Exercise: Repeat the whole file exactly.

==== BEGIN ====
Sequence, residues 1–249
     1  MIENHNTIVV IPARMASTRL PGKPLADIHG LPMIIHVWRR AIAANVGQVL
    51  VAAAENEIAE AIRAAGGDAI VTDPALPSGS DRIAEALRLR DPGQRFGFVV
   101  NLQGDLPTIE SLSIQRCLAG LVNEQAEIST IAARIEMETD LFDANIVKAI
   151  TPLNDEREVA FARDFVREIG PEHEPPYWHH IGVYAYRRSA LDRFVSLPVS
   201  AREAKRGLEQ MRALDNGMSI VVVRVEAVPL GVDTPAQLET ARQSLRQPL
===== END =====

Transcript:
Sequence, residues 1–249
     1  MIENHNTIVV IPARMASTRL PGKPLADIHG LPMIIHVWRR AIAANVGQVL
    51  VAAAENEIAE AIRAAGGDAI VTDPALPSGS DRIAEALRLR DPGQRFGFVV
   101  NLQGDLPTIE SLSIQRCLAG LVNEQAEIST IAARIEMETD LFDANIVKAI
   151  TPLNDEREVA FARDFVREIG PEHEPPYWHH IGVYAYRRSA LDRFVSLPVS
   201  AREAKRGLEQ MRALDNGMSI VVVRVEAVPL GVDTPAQLET ARQSLRQPL